Family memorial for George Floyd will be held in NC
Posted June 2, 2020 11:40 a.m. EDT
Updated June 6, 2020 2:45 p.m. EDT
Raeford, N.C. — Long lines of mourners, on foot and in vehicles, backed up traffic along Fayetteville Road in Raeford Saturday, where a public viewing was being held for George Floyd. Floyd, whose death in police custody sparked protests nationwide, was born in North Carolina and his sister lives in Hoke County.
A private, family memorial service will follow the public viewing on Saturday afternoon, at Cape Fear Conference B Headquarters, 10225 Fayetteville Road in Raeford.
Thousands arrived at the conference center, wearing masks and waiting to get in. Traffic was backed up in one direction along Fayetteville Road as people waited to see Floyd's body.
Floyd's body arrived in Raeford at around 9 a.m., escorted by the Hoke County Sheriff's Office.
Raeford is a city of around 5,000 people. But on June 6, 2020, it took the national stage. News crews from across the country gathered outside the conference center.
A shuttle service was offered by Rockfish Church, down the road of Cape Fear Conference Center.
Roads closed to ease traffic flow for George Floyd memorial:
Hoke Loop Road will close at 8 a.m. between Nessee Street and Raeford Road
Left lane outbound on Raeford Road is for travel, the right lane on Raeford Road is for the memorial service only
Closures will stay in place until the evening hours
Drivers can expect the west region of Fayetteville around Raeford Road and Gillis Hill Road to be heavily congested with traffic.
People are arrived from all across the country, and arrived early. A spokesperson with the conference center said people have been calling in from California, Georgia and Indiana.
"Everyone wants to come see the services for George Floyd," she said.
Sheriff asks for peaceful service
In announcing that his county would host the service, Sheriff Hubert Peterkin asked that mourners respect the family's grief.
"The memorial is about the life that Mr. George Floyd lived, and this is a time to embrace the family with expressions of love and kindness," he wrote.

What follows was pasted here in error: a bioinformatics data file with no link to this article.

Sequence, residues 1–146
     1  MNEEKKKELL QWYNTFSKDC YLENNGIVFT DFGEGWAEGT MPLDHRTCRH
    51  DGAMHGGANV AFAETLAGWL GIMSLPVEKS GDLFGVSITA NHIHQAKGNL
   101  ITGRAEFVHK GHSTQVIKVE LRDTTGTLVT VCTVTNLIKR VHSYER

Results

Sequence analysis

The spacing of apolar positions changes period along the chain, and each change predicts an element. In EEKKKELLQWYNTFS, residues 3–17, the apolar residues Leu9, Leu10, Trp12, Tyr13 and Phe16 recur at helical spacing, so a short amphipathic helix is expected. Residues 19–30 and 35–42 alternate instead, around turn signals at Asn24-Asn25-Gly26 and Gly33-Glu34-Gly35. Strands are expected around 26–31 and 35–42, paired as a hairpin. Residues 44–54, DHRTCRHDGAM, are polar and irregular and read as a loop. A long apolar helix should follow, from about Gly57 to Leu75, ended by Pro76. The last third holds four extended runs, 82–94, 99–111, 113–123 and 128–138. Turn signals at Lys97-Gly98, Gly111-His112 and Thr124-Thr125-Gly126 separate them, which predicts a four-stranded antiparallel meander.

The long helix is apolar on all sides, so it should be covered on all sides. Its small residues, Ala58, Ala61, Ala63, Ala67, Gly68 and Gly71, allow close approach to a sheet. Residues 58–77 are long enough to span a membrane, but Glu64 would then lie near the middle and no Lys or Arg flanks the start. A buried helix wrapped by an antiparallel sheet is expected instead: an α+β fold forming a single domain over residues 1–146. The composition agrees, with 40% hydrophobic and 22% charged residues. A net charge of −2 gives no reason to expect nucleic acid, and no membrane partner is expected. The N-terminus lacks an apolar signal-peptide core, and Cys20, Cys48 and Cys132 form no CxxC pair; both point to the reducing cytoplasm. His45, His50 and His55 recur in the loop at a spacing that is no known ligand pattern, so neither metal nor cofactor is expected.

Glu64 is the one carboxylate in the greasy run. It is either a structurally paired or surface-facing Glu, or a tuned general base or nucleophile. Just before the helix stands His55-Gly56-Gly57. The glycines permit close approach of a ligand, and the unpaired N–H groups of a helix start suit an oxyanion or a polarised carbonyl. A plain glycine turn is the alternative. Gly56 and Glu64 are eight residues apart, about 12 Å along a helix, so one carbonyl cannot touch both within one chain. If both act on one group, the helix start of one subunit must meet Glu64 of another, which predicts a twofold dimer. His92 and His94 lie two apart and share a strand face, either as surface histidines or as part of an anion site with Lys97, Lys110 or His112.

Floyd's death was captured in a video that went viral. In it, a white police officer kneels on Floyd's neck. He can be heard saying, "I can't breathe" before losing consciousness. Minneapolis Police Department officer Derek Chauvin was arrested and charged with third degree murder and manslaughter in connection with Floyd's death.
The first memorial service for Floyd was held Thursday in Minneapolis. Another will be held in Houston, where Floyd spent many years of his life.
Gov. Cooper ordered all flags at state facilities to fly half-mast today in honor of George Floyd's memorial.
Family remembers Floyd as a gentle man, calls for end to riots
Bridget Floyd described her 46-year-old brother, who stood 6 feet 4 inches tall, as a gentle giant and a religious man.
Many of George Floyd's relatives live in our area, including an uncle in Raleigh.
Roger Floyd is the owner of an All State agency off Six Forks Road.
He remembered the day Floyd was born. His brother became a new father shouting, "I got a boy, Rog! I got a boy!"
He remembered getting the phone call that his nephew--Perry Junior is what they called Lloyd--had been killed by a police officer.
He said his "throat clogged up."
In the video, his nephew lay on the ground, a police officer's knee on his neck.
"And then what broke my heart more than anything else was when he called out for his mom," said Roger. "I believed that he was dying at that point because [his mother] had already passed."
George Floyd's mom passed away from cancer a couple of years ago.
Roger Floyd says his nephew had been a counselor for young people in Minneapolis and worked security, often alongside the officer accused of killing him.
"I really think it was something personal. Something may have happened-- because with his gentle spirit and the way he carried himself, he just had the persona where people were just readily attracted to him."
Protests tarnish Floyd's memory
He is encouraged by the national outrage. But he's angered when peaceful protests erupt into vandalism and looting.
"I would say stop this. It's uncalled for. There's no justification in doing that, not at all."
When they do, he says, they only mar his nephew's memory.
And they risk having the message lost in all the noise.